Throughout most of his life, Walt’s very favorite pastime was cooking. He was the cook in the family and worked culinary magic with everything he created. He was always happy and content when he was elbow deep in whatever he was making. All who got to enjoy them will miss his wonderful meals.

Walt had excellent control of his diabetes from the time he was diagnosed until just a short time before he passed. But the disease is insidious and he died of a severe diabetic episode in his sleep on December 12, 2018, at his home in Parker.

Walt is survived by his loving and beloved wife Gisela Hauert of Parker, and family and friends in Colorado, California, Oregon, New Mexico, and Kentucky and other states too numerous to mention.

 

 

13 Responses to Walter John Keller

  1. William Wright says:

    Once again I am forced to hunt mammoth alone … Gonna miss ya Hoss

  2. Robert W. "Doc" Boyle says:

    Many long talks about many things. A questing intellect and a very special man.

  3. Kathy and Mark says:

    What a wonderful life and gentleman!

  4. Alida L Franco says:

    Walt had a sharp intellect and was a wonderful colleague.

  5. Carol Carpenter-Mollo says:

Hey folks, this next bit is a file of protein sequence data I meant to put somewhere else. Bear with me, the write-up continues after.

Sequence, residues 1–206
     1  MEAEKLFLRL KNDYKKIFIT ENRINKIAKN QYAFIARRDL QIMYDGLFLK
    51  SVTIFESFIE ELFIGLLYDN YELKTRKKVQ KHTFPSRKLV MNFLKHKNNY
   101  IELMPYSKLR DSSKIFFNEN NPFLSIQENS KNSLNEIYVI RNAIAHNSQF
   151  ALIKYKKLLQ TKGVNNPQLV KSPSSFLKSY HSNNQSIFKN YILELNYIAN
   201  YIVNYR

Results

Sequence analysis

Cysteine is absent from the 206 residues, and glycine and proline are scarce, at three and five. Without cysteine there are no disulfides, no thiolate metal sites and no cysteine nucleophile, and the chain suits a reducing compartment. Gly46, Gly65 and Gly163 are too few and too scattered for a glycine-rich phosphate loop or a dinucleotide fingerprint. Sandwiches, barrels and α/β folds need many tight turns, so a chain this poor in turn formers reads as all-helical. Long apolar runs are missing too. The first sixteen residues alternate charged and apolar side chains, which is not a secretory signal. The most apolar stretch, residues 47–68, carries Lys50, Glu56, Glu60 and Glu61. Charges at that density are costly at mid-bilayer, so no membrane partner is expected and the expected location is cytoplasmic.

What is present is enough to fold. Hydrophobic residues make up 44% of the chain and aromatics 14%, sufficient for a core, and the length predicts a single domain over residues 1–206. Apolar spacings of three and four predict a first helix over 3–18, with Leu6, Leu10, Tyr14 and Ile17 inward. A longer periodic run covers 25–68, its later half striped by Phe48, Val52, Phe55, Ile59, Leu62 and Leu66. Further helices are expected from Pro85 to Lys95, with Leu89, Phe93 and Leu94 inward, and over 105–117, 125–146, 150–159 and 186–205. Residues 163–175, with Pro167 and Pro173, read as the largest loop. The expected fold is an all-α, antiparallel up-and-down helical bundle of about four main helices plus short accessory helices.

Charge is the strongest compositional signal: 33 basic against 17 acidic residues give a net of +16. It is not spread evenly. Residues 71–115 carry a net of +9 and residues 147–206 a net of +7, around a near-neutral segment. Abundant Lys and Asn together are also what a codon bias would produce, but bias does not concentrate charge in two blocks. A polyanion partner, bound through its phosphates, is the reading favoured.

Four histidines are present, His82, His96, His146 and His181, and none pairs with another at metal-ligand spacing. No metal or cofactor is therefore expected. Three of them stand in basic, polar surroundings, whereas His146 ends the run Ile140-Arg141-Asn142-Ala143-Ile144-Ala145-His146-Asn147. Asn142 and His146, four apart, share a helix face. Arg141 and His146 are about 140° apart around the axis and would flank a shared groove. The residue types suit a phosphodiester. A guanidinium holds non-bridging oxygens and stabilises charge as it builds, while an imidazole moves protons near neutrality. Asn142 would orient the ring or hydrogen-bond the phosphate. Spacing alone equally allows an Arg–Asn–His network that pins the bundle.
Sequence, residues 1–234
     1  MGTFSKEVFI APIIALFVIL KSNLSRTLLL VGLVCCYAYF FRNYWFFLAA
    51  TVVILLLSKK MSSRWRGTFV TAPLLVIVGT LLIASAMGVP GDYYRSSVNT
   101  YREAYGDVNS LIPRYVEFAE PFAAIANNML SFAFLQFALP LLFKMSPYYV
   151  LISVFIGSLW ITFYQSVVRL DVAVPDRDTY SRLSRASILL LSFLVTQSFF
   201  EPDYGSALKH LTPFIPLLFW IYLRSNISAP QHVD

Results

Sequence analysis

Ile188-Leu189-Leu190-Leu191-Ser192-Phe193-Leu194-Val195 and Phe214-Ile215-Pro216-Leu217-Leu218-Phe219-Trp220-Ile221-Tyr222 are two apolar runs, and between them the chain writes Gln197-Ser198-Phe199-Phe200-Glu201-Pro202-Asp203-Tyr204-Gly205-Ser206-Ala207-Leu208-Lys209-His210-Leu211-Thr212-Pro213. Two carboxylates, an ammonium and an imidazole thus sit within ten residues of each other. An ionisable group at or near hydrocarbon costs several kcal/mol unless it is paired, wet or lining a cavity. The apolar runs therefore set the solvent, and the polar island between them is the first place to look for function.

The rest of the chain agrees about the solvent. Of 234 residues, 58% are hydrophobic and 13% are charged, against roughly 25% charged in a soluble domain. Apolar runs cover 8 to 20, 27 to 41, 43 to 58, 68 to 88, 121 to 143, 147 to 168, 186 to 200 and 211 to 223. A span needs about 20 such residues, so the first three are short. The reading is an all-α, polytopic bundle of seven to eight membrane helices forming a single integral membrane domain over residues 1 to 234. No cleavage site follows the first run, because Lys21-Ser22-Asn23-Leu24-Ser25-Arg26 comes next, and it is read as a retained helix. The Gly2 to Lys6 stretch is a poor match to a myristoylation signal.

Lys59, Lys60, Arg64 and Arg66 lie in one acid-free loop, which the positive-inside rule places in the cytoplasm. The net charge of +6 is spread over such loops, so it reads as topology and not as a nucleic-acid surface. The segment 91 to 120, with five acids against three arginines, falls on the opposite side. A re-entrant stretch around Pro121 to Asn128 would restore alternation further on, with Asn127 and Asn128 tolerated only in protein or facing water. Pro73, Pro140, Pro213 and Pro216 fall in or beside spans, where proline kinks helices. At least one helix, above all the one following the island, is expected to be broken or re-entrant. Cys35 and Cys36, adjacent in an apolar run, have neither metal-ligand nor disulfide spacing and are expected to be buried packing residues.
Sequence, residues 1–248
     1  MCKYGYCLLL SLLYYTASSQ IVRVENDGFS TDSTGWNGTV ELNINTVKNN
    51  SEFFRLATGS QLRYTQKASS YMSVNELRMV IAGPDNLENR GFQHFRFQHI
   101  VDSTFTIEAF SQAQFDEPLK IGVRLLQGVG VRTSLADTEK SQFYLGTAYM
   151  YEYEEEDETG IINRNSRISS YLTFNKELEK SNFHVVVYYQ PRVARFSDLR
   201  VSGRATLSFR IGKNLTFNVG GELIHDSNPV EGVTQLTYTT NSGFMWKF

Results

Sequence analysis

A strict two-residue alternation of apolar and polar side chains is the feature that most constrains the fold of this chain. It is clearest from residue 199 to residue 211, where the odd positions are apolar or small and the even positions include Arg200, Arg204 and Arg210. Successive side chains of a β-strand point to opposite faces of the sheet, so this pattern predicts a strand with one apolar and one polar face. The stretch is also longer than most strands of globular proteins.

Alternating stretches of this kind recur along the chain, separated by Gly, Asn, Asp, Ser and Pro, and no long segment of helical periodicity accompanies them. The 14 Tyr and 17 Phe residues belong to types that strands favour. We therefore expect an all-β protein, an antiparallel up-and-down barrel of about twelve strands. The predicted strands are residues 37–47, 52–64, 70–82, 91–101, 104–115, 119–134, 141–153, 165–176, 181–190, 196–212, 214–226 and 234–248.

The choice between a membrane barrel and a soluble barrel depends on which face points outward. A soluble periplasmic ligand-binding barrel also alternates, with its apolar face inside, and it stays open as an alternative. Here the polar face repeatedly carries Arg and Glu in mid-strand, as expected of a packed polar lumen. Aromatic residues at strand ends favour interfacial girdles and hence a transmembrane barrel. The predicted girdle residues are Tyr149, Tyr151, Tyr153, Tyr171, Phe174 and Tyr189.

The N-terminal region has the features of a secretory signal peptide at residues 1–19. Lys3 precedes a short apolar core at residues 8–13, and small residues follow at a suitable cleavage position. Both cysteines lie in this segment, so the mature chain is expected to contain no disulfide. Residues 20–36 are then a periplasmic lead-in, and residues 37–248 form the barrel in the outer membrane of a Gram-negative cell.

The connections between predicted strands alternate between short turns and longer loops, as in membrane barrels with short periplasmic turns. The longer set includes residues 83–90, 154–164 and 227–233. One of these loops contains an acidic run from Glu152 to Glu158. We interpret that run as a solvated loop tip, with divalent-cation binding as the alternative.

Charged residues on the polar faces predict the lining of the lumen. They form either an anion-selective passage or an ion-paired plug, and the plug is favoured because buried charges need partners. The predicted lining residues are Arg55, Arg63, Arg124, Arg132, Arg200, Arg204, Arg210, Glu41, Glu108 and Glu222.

Heaven is waiting to welcome you, dear Walt. The ferrets and kitties you so loved during this lifetime are eager to be held in your arms once again. But on this Earth, each person who knew you will miss your charming wit, wise counsel, and constant-as-the-stars friendship.

  6. Donald and Beverly Keler says:

    Our sincere and deepest condolences to the family and Gisela on their loss of Walter.

  7. Michael Mollo says:

    I’ll never forget the first time I met Walt. Gisela and Walt took Carol and I to this restaurant in Denver, and he insisted I need to wear a tie. As soon as I sat down the hostess came over with a big pair of scissors and cut that tie right off of me!

  8. Bonnie J. Hamilton says:

    Walt was truly a gentle man. Very considerate of others. I too miss him coming out to the car when I was there to pick up Gisela for our monthly luncheons with the IHS girls. I love you Walt.

  9. Sandy Savino says:

    I was so lucky to have known Walt.

  10. Pat Frankenbery says:

    I was truly a pleasure and an honor to know this kind and gentle man.

  11. Kathy and Ross Beesing says:

    We are so sorry for your loss, Gisela. Walt was obviously a lovely and much beloved man. Sorry we can’t be there. You will be in our thoughts.

  12. Barbara Foster says:

    So sorry for your loss, Gisela. What a inspiring life story.

  13. Rich Adams says:

    We were as close as Brothers. We learned to respect and be mindful of the spiritual paths we chose and embraced. Now we’ll be meeting where faith and spirituality cross paths, and I can hardly wait! In the meantime, I will speak your name with love and visit your memories with happiness. Whashsta, Brother!